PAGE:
The Most Important Economist You Probably Have Never Heard About

Economists become famous by winning the Nobel Prize (technically the Swedish National Bank’s Prize in Economic Sciences in Memory of Alfred Nobel) or becoming public intellectuals like John Kenneth Galbraith or Paul Krugman.  But economists do not have to be famous to be important.  Significant contributions come in many guises.

The most important economist you may never have heard about is Herman Daly, sometimes known as the father of ecological economics.  Daly challenged the prevailing of 20th Century economic paradigm, building on earlier work by John Stuart Mill, Nicholas Georgescu-Roegen, and Kenneth Boulding.  Daly’s vision provides reason for hope when the prevailing model suggests pessimism.

In my recent blog on Robert Gordon’s new book The Rise and Fall of American Growth I laid out the reason many conventional economists are pessimistic about future economic growth.  In the conventional paradigm growth is created by innovations that improve the efficiency of labor and technology (increases in total factor productivity in economic jargon).  Gordon suggests that the technological changes created the dramatic economic growth from 1870 to 1970 and such innovations are not likely to be replicated in the future.  Gordon believes the economic growth of post-World War II America is unlikely to return.

Daly’s vision is different. He sees the end of the economic growth of the past century to be necessary.  We need a new paradigm to understand this difference, as explained in a new book, Beyond Uneconomic Growth.  This collection of essays is an homage to Daly and his innovative thinking.

Economic System Nested in Natural System

Economic System Nested in Natural System


The core of Herman Daly’s economic thought is seen in several key insights.  First, Daly sees the economy as a system nested within the larger biophysical world; the economy is not separate from nature, the unstated assumption of much modern economic thinking.  The human economy ultimately relies on importing matter and energy from nature and returning that matter and energy back to nature when we are done with it.  (Physicists remind us of their first law, matter and energy can neither be created nor destroyed.)  The economy is constrained both by the quality and quantity of resources to be imported from nature and by the ability of nature to handle waste matter and energy.  Daly’s insight was rooted in the work of his mentor Nicholas Georgescu-Roegen, who emphasized the role of entropy in economic systems.  A challenging read on this topic is Georgescu-Roegen’s book The Entropy Law and the Economic Process.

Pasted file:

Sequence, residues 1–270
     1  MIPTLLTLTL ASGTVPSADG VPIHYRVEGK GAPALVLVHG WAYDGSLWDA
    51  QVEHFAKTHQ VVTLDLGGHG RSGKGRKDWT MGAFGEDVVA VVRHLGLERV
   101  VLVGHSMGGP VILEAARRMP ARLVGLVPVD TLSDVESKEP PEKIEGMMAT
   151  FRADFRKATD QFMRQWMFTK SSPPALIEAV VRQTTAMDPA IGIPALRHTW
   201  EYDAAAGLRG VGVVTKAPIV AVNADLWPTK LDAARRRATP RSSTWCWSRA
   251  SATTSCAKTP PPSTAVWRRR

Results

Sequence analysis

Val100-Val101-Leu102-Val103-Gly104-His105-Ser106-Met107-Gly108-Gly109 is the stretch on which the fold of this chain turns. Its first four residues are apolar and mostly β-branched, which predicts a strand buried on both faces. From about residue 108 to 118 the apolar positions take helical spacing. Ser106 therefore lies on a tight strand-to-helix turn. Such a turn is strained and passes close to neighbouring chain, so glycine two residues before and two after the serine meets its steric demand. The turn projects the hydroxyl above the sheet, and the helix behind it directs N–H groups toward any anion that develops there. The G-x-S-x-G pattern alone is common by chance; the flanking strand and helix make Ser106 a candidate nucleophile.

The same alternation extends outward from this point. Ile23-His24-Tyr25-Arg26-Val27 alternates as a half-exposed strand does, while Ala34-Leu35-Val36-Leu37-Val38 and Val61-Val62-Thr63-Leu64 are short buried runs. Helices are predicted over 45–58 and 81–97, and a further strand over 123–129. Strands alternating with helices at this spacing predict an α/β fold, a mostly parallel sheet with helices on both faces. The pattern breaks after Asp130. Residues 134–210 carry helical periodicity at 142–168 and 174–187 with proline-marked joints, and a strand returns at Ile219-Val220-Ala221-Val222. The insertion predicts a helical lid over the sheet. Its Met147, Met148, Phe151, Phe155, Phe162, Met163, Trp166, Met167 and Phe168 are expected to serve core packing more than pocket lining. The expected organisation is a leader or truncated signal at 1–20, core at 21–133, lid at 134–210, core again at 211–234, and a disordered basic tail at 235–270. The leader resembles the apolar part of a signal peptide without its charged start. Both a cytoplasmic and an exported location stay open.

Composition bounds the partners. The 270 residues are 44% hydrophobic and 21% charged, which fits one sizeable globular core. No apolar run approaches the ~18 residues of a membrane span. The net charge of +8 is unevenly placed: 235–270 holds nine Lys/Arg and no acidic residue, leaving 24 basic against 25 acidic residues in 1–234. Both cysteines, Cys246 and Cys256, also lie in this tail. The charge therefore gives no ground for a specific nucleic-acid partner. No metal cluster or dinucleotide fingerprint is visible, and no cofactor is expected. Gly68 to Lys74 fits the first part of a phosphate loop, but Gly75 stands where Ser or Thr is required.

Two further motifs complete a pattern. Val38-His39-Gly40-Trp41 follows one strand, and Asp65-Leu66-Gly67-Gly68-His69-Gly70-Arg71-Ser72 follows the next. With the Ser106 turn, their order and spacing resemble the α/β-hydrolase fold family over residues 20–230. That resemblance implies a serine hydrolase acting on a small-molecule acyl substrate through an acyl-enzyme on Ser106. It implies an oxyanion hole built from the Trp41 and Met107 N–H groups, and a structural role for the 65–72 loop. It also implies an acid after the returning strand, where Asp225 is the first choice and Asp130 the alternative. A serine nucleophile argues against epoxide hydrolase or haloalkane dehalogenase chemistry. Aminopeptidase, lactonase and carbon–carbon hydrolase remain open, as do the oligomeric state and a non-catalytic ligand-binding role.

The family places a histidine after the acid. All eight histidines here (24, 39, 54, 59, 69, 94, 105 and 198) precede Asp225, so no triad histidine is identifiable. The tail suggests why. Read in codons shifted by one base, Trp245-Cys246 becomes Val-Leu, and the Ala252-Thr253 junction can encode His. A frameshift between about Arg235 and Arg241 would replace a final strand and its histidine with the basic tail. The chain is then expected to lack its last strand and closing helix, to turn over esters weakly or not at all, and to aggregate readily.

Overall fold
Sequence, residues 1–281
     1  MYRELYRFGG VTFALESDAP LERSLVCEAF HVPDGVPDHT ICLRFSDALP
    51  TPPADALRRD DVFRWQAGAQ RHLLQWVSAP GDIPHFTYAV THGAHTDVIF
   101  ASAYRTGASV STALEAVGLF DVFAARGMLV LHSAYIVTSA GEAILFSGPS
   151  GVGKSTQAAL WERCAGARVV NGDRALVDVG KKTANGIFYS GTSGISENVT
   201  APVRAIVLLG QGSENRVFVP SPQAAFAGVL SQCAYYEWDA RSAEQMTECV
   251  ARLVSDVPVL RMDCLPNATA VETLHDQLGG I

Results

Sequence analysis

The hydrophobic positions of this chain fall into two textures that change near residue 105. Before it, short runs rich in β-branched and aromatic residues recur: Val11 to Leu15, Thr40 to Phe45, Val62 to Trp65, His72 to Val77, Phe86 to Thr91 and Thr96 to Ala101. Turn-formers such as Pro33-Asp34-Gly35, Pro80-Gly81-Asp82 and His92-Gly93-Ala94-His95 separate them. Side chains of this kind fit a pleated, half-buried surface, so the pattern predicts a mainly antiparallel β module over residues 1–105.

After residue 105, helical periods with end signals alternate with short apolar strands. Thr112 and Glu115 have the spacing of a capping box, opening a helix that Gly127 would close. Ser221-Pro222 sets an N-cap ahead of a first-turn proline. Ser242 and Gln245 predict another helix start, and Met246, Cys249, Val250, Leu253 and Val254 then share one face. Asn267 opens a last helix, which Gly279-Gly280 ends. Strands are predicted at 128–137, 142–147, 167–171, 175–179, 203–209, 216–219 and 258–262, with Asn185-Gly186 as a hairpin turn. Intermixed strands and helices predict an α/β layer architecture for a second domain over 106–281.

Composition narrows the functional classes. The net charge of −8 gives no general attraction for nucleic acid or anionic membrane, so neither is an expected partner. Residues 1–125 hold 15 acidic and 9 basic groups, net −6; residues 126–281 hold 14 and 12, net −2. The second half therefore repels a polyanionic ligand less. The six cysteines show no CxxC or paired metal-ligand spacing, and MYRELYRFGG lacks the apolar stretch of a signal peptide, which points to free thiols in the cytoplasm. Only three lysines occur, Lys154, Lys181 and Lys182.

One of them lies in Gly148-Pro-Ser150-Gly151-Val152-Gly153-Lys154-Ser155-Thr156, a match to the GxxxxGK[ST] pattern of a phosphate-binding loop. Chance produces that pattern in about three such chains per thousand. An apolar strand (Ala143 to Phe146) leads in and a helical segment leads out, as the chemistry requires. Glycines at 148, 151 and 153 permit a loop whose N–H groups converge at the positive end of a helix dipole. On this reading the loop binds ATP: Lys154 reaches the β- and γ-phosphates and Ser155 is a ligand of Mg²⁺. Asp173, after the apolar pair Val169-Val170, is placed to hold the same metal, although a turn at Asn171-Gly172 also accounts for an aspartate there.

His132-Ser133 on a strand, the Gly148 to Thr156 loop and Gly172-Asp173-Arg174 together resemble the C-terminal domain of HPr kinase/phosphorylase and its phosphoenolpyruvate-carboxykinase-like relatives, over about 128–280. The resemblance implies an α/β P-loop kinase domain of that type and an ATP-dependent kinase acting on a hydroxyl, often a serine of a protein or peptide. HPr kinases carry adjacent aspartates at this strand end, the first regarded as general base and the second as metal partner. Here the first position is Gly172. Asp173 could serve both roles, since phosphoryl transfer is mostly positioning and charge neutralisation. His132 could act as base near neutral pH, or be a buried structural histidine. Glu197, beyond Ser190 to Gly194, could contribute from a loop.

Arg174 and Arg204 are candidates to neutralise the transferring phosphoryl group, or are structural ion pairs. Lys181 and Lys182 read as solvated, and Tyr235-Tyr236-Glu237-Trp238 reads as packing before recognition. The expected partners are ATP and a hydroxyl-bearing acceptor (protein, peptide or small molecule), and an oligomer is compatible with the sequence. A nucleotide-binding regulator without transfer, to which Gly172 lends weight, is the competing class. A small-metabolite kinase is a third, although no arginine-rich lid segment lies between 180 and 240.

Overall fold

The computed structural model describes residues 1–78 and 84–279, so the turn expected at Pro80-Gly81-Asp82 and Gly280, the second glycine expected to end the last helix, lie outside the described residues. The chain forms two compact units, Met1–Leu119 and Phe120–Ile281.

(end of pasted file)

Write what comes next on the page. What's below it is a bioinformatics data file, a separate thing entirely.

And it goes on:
Second, recognizing that the economy is nested within nature changes the economic paradigm.  Economic growth is as much a function of the matter and energy we extract from nature as it is of technological change.  Natural resources and technology are complements, not substitutes for each other.  Therefore growth cannot continue indefinitely no matter how clever we are.  There are limits to growth imposed by the natural world.  Kenneth Boulding provided a foundation for Daly in this area of thought.

Third, Daly then concludes that we need to figure out how to live satisfying lives in a non-growth environment, what came to be known as steady-state economics.  Here there is a separation between the ideas of growth and development.  Lives can improve (develop) without increasing matter and energy use (growth).  Daly recognizes that a central problem in this non-growth world is distribution.  Many conventional economists shy away from addressing the distribution of goods and services in society.  They assert that economists should not say who should get more or less of society’s produce; those decisions are left to market outcomes, particularly when markets produce economic growth.  “A rising tide lifts all boats.”  Daly argues that we need to face distribution head on and a steady state economy must also be one that deals directly with inequality.  Economics cannot ignore ethics.

Finally we learn from Daly that what we measure matters.  Journalists, policy-makers, and some economists are fixated on Gross Domestic Product (GDP), a deeply flawed measure of how well the economy serves people.  In the book Daly co-wrote with John Cobb For the Common Good: Redirecting the Economy Toward Community, the Environment, and a Sustainable Future, he details one alternative to GDP, the Index of Sustainable Economic Welfare.  This spawned an outpouring of research on alternatives to GDP.  Daly understood from his time working at The World Bank that what matters gets measured.  How things are measured matters even more.

Beyond Economic Growth shows the enduring impact of Herman Daly in challenging the conventional paradigm.  He was tireless in promoting the understanding that economists cannot ignore the laws of nature.  He challenges us to recognize that, just because our society was able to enjoy increasing levels of material wellbeing for over a century, we can continue that path indefinitely.  Like honest investment advice, the lesson is that “past performance is not indicative of future results.”

The irony is that Daly is really more optimistic than Robert Gordon.  Gordon worries that we are unable to continue economic growth.  Daly hopes that we will choose not to grow in the future.  Instead we must find ways to make better lives for all in harmony with nature, the source of that life.


Farley, J., & Malghan, D. (Eds.). (2016). Beyond Uneconomic Growth: Economics, Equity and the Ecological Predicament. Edward Elgar Publishing.

Mark W. Anderson

About Mark W. Anderson

I am proud to be a Mainer, born in Caribou and schooled at Brewer High School, Bowdoin College, and the University of Maine. I am grateful for a 35 year career at UMaine, the last decade in the School of Economics.